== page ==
This paper extends research on experiential learning of foreign subsidiaries by exploring the temporal conditions under which a foreign subsidiary can benefit from the experience of its sister subsidiaries. Building upon organizational evolution and learning literature, we propose that differences in entry timing among sister subsidiaries provide structural conditions that bound the opportunities for inter-subsidiary learning. We argue that different entry cohorts of sister subsidiaries are beneficial to a focal subsidiary, as they provide non-redundant, complementary experience from their different operational stages, and ignite the motivation to learn. Our empirical analysis of Japanese foreign subsidiaries provides strong evidence that survival is enhanced by the experience of different entry cohorts of sister subsidiaries, but not by that of similar cohorts. Qualitative evidence also shows that multiple channels of experience exchange across sister subsidiaries lead to actual learning. We further show that the survival benefit derived from different cohorts is contingent on the level of environmental change, as well as on the level of experience of the focal subsidiary and its parent firm. Our research highlights the importance of temporal heterogeneity in the internationalization process, and offers implications for the temporal strategy of multinational companies.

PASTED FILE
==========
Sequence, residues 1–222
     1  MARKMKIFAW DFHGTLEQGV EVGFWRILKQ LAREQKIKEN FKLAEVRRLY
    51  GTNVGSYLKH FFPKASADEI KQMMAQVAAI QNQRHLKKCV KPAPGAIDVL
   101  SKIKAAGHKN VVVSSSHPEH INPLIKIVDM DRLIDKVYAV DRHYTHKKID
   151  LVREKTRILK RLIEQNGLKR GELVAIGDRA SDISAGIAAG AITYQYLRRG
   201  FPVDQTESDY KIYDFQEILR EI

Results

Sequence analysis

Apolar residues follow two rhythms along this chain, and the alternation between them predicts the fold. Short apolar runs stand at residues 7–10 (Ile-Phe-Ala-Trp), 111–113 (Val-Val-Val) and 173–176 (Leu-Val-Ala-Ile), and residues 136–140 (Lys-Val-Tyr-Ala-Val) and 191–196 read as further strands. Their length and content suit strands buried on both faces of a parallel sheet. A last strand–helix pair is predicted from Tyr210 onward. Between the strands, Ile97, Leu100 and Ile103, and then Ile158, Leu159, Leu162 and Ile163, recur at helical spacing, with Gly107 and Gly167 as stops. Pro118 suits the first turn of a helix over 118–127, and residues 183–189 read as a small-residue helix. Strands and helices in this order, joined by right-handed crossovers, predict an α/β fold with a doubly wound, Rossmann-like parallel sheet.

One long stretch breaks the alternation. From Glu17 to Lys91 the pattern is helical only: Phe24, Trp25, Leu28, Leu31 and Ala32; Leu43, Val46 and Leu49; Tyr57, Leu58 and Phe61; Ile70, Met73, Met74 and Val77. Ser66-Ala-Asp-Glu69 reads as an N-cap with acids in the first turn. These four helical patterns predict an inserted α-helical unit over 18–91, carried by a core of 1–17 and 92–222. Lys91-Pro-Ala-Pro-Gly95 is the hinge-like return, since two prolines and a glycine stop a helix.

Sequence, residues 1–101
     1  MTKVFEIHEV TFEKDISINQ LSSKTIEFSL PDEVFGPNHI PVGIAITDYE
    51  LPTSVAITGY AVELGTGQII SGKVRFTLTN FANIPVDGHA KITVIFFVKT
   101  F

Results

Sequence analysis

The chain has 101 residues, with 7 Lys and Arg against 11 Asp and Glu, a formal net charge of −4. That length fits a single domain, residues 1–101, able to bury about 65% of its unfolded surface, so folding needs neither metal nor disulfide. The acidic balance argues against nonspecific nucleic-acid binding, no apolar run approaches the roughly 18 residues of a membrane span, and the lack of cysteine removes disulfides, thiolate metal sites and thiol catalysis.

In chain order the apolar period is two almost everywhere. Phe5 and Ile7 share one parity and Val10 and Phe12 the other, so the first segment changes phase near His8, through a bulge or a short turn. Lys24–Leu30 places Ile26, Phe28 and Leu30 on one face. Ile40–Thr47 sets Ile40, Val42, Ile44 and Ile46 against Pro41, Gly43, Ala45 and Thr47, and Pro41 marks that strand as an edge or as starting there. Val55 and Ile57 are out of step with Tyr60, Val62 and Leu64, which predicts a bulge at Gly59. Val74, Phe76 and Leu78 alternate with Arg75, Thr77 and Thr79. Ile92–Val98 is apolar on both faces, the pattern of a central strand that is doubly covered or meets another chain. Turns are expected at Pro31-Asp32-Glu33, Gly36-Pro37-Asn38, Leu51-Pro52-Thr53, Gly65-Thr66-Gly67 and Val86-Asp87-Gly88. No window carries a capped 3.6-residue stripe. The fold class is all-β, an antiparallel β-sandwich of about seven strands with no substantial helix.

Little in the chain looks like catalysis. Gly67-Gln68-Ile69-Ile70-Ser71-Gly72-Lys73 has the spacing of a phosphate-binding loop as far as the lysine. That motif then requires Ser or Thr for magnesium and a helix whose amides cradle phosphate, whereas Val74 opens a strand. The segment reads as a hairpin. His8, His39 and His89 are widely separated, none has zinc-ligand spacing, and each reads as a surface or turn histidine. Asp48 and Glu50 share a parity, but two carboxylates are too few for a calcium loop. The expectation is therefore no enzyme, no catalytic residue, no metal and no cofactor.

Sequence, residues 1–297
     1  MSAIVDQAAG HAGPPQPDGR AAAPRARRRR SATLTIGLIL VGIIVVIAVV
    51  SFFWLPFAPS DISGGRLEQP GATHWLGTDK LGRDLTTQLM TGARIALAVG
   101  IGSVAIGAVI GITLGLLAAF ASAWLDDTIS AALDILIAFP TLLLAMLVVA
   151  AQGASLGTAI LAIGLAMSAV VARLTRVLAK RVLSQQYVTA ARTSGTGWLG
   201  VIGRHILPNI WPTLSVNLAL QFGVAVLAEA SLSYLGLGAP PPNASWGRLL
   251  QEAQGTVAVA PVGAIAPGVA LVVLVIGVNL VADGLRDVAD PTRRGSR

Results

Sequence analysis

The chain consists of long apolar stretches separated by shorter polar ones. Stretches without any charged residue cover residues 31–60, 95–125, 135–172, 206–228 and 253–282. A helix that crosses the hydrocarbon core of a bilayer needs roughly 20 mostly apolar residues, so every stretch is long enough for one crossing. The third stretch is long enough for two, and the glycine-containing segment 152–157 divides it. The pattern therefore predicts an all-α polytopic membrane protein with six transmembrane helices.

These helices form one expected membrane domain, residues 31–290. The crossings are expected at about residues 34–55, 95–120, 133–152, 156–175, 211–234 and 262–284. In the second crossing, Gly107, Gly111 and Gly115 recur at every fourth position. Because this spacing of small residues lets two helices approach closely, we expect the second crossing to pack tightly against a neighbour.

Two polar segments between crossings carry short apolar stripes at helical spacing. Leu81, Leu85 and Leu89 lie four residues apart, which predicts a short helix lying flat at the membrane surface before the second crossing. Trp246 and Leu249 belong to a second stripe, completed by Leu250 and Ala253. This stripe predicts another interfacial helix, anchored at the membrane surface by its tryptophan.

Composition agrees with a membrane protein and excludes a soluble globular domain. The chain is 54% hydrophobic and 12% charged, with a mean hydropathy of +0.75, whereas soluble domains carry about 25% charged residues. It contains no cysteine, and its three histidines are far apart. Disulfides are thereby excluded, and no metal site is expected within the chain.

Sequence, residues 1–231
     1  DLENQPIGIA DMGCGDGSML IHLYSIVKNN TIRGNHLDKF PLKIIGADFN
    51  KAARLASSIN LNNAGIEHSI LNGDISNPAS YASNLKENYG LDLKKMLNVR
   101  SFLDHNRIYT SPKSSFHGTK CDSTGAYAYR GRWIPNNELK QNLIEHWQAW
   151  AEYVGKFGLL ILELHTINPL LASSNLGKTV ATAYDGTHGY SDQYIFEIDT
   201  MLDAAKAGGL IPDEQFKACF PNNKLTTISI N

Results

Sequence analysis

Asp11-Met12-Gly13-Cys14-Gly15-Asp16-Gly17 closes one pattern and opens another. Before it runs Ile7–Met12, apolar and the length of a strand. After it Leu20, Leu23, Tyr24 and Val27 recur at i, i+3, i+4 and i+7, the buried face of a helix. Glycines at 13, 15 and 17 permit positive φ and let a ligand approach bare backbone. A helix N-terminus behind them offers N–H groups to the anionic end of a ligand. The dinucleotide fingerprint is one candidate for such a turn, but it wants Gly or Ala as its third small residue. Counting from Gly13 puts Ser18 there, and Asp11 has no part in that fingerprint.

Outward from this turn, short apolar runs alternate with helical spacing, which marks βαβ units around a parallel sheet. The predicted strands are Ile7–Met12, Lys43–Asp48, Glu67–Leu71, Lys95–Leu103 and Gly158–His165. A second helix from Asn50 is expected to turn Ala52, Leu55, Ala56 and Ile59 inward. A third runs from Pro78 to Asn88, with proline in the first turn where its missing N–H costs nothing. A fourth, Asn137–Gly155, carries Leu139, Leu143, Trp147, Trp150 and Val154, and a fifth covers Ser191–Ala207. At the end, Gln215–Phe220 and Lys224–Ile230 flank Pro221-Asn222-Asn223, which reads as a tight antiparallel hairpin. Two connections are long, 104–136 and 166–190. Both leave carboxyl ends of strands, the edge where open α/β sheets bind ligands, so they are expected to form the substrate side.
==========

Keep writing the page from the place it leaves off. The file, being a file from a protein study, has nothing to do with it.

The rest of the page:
All Science Journal Classification (ASJC) codes
- Business and International Management
- Business, Management and Accounting(all)
- Economics and Econometrics
- Strategy and Management
- Management of Technology and Innovation